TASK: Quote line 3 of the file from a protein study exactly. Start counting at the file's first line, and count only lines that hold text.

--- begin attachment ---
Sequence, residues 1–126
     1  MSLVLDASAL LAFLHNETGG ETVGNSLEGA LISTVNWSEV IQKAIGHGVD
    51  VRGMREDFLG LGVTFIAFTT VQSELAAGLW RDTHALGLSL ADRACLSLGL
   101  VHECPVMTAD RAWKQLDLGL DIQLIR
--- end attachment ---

    51  VRGMREDFLG LGVTFIAFTT VQSELAAGLW RDTHALGLSL ADRACLSLGL